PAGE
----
However, the differences in study results regarding the effects of different exogenous antioxidants either in dietary (low) or pharmacological (high) doses on brain cancer deter from understanding the precise role of antioxidants in cancer patients. Since an exogenous antioxidant exhibits anticancer effect by both antioxidant (chemopreventive) and prooxidant (chemotherapeutic) mechanisms, the dose is a critical factor. In general, at high/pharmacological doses exogenous antioxidants exhibit prooxidant effects; while, at dietary doses, they exhibit antioxidant effects. During concurrent treatment with chemotherapeutic drugs and radiation therapy, a prooxidant dose may be useful for achieving synergy. Dietary doses may antagonize normal cancer treatments by counteracting with OS which is required to kill cancer cells during radio- and chemotherapy. However, once standard cancer therapies have been completed, maintenance of brain cancer patients with routine dietary antioxidant supplements may be helpful to prolong their life span by minimizing chemotherapy-induced nonspecific organ toxicity and mitigating cancer recurrence via antioxidant mechanism. Thus, the association between prooxidant mechanisms and chemotherapy, and negotiation between antioxidant mechanism and chemoprevention are critical issues in this aspect. It is very important to understand the regulatory factors influencing antioxidant and prooxidant effects on brain cancer cells. The pharmacokinetic parameters and bioavailability of exogenous antioxidants are critical factors. Of note, the absorption of antioxidants from dietary sources often differs from the supplement of antioxidants as drugs/chemicals [147, 283]. Also, crossing the BBB to reach the tumor site is also a critical issue for antioxidants. Thus, these biopharmaceutical aspects clearly contribute to the therapeutic efficacy of antioxidants in brain cancer treatment. Finally, the types, locations, and stages of brain tumors, as well as the therapeutic regimen are also important factors to be considered to hypothesize the desired effect (pro/antioxidant) from an exogenous antioxidant in brain cancer treatment. These issues need to be addressed through extensive preclinical studies. Otherwise, we can never achieve consistent clinical outcomes with exogenous antioxidants as monotherapy or as adjuvants with standard cancer therapy in the management of brain cancer.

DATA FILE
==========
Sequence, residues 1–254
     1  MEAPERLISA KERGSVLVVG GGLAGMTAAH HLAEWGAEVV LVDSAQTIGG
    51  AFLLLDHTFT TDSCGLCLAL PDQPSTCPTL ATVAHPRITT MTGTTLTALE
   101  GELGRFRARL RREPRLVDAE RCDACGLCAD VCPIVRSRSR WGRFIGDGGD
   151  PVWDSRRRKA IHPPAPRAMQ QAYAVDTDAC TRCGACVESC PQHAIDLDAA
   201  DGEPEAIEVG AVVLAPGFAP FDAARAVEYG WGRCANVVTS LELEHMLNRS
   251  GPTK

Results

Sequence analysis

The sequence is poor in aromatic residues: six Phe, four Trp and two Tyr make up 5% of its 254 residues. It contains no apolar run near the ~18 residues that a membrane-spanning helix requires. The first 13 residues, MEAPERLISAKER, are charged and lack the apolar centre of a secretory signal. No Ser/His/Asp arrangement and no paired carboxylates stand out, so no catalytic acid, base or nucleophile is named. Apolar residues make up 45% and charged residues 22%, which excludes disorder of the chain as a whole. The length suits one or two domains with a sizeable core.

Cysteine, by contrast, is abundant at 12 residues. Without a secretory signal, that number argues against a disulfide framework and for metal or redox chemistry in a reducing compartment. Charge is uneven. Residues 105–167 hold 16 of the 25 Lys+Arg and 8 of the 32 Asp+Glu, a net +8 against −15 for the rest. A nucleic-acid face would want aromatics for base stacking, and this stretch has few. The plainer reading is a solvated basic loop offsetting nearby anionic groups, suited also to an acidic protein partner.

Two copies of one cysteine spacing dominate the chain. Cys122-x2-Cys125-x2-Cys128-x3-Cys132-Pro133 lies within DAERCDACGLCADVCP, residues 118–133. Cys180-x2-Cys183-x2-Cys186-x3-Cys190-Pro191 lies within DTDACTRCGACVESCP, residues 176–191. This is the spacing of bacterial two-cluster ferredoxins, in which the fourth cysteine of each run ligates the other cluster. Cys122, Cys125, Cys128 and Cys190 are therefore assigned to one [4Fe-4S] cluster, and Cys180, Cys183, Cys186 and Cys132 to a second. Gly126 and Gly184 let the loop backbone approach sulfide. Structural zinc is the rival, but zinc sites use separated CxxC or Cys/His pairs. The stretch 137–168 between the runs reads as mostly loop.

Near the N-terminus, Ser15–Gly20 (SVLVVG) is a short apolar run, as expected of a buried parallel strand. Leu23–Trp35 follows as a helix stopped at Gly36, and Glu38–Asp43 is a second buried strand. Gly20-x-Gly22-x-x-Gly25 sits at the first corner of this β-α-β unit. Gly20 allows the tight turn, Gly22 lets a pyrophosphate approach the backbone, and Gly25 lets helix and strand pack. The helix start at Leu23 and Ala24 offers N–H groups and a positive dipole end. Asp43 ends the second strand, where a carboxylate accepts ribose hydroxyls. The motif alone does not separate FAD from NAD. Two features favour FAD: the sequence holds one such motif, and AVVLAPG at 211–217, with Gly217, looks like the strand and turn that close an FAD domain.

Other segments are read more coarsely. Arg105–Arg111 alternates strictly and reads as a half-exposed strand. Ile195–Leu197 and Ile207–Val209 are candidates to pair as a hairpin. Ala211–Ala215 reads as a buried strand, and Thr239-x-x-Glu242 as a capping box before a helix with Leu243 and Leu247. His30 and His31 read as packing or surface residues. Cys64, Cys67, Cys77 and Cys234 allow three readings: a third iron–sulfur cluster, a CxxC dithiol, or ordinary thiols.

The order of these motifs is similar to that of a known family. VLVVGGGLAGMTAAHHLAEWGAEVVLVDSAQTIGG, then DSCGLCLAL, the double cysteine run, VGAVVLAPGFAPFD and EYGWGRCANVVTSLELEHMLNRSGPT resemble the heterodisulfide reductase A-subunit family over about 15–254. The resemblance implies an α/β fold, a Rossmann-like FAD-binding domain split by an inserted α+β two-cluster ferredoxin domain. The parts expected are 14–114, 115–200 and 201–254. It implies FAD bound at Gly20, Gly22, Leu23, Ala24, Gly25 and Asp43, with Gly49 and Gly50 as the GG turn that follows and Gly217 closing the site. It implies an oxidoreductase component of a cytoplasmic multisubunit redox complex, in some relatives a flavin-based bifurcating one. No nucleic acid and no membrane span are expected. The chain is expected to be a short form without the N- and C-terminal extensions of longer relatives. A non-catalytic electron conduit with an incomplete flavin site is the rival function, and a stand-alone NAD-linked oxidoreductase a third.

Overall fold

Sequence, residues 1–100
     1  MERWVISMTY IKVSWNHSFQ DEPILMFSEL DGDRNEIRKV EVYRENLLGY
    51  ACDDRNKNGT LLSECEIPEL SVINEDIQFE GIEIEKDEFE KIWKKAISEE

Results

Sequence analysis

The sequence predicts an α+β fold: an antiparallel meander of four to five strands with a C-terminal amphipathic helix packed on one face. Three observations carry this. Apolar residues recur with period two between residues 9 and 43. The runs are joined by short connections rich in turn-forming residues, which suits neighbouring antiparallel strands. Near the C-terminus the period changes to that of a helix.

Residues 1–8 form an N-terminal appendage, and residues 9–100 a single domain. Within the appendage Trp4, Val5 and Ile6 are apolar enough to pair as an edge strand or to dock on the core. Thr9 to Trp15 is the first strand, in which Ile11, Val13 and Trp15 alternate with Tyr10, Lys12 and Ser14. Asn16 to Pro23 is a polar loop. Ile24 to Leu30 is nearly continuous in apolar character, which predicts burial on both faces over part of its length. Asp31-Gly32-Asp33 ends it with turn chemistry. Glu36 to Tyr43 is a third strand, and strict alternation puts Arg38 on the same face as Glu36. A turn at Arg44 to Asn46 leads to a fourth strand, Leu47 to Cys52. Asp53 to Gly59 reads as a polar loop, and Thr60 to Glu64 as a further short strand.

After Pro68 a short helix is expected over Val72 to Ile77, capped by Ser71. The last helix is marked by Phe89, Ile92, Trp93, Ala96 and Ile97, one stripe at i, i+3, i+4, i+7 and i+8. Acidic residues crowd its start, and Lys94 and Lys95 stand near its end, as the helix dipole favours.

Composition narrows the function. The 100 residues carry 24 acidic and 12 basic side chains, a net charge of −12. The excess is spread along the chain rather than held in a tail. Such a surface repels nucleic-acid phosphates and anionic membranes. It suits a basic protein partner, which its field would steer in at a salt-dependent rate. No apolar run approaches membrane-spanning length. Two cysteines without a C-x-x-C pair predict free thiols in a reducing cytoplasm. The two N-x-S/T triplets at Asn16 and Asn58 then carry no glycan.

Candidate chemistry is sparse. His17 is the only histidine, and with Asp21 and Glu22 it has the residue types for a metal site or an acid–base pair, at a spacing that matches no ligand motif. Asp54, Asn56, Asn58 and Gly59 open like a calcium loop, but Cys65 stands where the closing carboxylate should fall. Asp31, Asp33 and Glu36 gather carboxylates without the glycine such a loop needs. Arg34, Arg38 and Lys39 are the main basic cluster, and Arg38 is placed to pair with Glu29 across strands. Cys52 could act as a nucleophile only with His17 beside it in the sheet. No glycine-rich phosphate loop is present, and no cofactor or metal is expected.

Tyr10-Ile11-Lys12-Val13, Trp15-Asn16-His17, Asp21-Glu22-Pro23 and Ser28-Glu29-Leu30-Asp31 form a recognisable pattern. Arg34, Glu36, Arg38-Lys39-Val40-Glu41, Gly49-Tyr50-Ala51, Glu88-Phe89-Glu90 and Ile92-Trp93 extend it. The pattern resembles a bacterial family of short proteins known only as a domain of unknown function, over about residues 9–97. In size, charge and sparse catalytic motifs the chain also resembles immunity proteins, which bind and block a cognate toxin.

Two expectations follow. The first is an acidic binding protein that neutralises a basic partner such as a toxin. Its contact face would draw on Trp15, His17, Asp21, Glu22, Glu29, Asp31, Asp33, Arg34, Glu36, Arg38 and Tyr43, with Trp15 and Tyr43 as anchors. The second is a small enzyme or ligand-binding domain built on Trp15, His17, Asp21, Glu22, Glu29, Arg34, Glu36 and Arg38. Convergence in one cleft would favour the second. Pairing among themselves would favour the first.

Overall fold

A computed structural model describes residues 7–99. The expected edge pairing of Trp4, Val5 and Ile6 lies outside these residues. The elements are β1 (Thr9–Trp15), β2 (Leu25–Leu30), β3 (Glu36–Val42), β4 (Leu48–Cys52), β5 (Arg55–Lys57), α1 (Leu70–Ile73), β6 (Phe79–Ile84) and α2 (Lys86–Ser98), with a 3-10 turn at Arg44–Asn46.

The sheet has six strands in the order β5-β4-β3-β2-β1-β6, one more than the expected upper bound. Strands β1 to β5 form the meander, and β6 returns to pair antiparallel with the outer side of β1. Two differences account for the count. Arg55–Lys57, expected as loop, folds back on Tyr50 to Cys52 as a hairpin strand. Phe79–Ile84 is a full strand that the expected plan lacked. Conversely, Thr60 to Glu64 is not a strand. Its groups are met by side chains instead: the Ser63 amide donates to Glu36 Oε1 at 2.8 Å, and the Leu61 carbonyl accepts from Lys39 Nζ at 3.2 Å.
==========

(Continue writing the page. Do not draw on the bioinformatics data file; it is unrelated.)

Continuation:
Conclusion

Naturally occurring antioxidants exhibit both chemopreventive and chemotherapeutic roles by two completely opposite mechanisms. Through prooxidation chemistry, they endorse cell death pathways, thus can be useful as therapeutic agents or as adjuvants with standard cancer therapy. In contrast, dietary antioxidants could hinder tumorigensis and prevent tumor recurrence after standard cancer therapy via an antioxidant mechanism. Antioxidant effects also aid in improving the life span of brain cancer patients by suppressing chemotherapy-induced nonspecific organ toxicity. Thus, the intercession between prooxidant mechanisms in chemotherapy, and the relationship between antioxidant mechanism and chemoprevention are critical issues in this aspect. It is also worthy to mention that antioxidant effects could compromise chemotherapeutic effects, while prooxidant effects might potentiate tumor recurrence. Thus, the key line between pro- and antioxidant effects is the most important decider for the use of an exogenous antioxidant in terms of achieving the therapeutic effect against brain cancer as per the objective of treatment. The dose is thought to be a key determinant of prooxidant and antioxidant effects. Exogenous antioxidants at pharmacological doses could be useful for chemotherapeutic purposes, while at dietary doses, they might be useful in chemoprevention. The pharmacokinetic and biopharmaceutical features of exogenous antioxidants and their ability to cross BBB to reach tumor sites should also be considered to achieve the desired therapeutic effect in brain cancer treatment. Thus, there are several unanswered questions that need to be studied with extensive preclinical mechanistic studies to explore the specific roles of antioxidants with respect to types, forms and stages of brain tumors in order to achieve their clinical utility in brain cancer management.

References

  1. McNeill KA. Epidemiology of brain tumors. Neurol Clin. 2016;34(4):981–98.

    Article  PubMed  Google Scholar